Racism is not merely a simplistic hatred. It is, more often, broad sympathy toward some and broader skepticism toward others. — Ta-Nehisi Coates
I was in my 20s before I had a friend whose skin color was different than my own. It wasn’t intentional. I grew up in a lily-white suburb and went to an entirely white high school. I played college ball in Minnesota, and my team was almost entirely white. It wasn’t until I played church league basketball during my seminary years that I met Maurice. Mo and I were the only guys under 40 in the league, so we guarded each other.
After each game, we’d slump against the gym wall to cool down and talk. As we became close friends, he taught me to see the world through his eyes. One day, I invited him to come play ball on a team that went into the prisons. As we walked inside and the inmates saw Mo, cheers and applause erupted. He had a lot of friends inside. On the drive home, I asked Mo about his childhood. He grew up 20 minutes from where I was raised. Twenty minutes to a whole new world.
As Mo and I lived life alongside each other, I witnessed injustices in the way Mo was treated. I was able to see how assumptions and stereotypes affected him. This friendship transformed me, all because we were willing to move toward one another. Mo moved toward me. I moved toward him. We helped each other grow.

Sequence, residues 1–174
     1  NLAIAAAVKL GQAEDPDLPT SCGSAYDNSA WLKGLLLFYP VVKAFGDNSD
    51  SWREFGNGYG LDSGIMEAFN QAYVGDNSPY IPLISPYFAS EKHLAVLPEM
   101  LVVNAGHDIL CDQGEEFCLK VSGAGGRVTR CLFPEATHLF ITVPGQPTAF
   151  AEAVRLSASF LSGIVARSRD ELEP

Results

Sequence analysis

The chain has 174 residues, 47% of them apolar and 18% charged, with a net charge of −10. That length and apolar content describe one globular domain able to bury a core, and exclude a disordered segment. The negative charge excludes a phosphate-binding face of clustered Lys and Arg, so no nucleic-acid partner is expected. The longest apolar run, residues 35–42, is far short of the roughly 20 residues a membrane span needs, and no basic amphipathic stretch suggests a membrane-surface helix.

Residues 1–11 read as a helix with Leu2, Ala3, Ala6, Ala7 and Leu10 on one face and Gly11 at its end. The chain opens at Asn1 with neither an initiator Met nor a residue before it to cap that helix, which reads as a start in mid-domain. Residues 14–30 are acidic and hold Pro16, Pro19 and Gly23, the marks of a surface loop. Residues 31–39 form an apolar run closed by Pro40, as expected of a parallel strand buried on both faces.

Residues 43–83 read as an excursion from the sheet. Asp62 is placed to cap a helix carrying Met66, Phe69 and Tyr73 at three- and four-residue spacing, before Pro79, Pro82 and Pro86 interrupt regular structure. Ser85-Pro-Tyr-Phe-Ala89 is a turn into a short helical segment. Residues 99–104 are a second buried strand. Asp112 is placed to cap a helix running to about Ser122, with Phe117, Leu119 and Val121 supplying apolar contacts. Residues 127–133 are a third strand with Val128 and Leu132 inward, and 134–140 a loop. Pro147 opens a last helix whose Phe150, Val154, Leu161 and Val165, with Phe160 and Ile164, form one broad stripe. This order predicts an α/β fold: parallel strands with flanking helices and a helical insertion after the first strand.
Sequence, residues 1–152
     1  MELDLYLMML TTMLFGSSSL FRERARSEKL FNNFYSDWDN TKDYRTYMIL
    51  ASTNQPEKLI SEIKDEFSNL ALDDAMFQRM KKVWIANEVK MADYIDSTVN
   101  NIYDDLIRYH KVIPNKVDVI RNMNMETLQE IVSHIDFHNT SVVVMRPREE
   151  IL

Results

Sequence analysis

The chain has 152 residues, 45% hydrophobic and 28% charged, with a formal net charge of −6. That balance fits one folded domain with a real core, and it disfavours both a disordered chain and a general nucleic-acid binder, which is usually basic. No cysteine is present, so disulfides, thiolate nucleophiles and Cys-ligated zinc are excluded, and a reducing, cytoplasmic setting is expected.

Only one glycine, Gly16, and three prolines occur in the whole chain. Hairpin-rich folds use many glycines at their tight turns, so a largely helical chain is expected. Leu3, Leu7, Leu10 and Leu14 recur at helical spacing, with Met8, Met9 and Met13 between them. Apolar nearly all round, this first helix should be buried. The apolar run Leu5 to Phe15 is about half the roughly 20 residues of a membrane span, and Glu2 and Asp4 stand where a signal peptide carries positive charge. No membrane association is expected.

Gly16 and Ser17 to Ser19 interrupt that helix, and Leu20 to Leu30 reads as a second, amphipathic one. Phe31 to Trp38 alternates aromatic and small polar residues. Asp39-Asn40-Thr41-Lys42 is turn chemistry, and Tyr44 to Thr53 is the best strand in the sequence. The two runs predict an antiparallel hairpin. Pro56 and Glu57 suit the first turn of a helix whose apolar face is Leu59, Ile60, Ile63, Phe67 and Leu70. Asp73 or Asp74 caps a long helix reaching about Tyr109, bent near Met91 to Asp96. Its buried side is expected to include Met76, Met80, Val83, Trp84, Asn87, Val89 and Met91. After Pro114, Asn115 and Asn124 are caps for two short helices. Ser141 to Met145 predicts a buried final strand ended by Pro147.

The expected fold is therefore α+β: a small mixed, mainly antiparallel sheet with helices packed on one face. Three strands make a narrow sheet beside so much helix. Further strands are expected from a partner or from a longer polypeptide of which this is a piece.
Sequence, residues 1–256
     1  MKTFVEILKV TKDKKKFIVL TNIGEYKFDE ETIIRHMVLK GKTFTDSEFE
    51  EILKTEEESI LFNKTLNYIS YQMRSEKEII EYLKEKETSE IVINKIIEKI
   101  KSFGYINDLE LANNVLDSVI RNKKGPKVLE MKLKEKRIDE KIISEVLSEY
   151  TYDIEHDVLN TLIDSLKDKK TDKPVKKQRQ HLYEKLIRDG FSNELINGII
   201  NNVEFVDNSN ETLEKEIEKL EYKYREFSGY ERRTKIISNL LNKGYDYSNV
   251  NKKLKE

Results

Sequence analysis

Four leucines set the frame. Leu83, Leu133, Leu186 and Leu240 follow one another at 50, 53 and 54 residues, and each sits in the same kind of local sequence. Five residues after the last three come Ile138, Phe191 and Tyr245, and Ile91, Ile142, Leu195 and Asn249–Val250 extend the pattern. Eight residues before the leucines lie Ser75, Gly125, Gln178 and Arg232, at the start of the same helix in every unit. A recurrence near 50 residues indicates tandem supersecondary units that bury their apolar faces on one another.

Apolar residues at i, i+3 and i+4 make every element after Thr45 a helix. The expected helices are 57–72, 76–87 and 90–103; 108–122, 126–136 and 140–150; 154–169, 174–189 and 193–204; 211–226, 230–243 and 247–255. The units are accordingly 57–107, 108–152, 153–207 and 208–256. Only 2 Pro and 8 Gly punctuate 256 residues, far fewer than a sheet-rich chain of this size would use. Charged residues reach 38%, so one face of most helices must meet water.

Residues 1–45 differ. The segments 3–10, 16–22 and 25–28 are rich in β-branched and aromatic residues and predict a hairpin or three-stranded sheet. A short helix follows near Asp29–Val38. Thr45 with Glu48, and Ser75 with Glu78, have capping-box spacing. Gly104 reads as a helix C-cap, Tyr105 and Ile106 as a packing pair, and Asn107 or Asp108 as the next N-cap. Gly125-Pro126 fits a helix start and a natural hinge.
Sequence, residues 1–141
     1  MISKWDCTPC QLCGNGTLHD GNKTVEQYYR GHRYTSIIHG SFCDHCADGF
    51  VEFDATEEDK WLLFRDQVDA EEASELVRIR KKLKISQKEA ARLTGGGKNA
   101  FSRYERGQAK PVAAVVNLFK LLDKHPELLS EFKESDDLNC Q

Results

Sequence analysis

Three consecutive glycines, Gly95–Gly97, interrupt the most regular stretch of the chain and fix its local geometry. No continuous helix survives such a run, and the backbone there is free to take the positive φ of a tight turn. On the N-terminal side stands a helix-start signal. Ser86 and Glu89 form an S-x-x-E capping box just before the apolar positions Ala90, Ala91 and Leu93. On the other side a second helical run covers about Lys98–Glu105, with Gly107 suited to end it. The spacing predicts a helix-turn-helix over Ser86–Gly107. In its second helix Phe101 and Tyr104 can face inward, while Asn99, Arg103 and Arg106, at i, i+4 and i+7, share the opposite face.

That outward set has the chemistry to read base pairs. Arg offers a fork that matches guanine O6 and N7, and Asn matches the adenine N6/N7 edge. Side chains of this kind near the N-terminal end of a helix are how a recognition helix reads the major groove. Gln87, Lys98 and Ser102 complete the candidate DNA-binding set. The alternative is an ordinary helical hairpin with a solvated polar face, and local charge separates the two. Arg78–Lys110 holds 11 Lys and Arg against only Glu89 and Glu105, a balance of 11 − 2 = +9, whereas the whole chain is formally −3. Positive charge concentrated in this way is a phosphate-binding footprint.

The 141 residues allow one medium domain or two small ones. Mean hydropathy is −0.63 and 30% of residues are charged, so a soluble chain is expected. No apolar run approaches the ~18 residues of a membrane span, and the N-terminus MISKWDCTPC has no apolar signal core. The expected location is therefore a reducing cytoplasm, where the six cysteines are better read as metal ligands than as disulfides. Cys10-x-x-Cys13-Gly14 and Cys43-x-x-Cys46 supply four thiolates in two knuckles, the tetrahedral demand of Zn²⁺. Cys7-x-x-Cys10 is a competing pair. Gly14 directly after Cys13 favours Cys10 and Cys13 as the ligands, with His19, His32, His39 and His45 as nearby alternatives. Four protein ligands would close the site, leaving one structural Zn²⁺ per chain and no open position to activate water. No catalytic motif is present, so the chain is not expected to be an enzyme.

Now, that’s a long story, but it’s the story of how Jesus wants us to live and move in our churches and in society. I shared the story of Luke 7 yesterday: how a Gentile centurion asked a Jewish rabbi for help by sending a Jewish messenger, because a Gentile and a rabbi weren’t supposed to interact – no way, no how. But rather than answer him through a messenger, “Jesus went” toward the Gentile officer, intent upon entering his home (Luke 7:6).
This is what we do. This is how we go. We move toward each other because Jesus, who lives in us, does not discriminate in His love.
Jesus, show me ways to appreciate the beauty of diversity. Lead me in creative ways to live multiethnically, multigenerationally, and multisocioeconomically as I step over imaginary borders and move toward others who are different from me. Amen.
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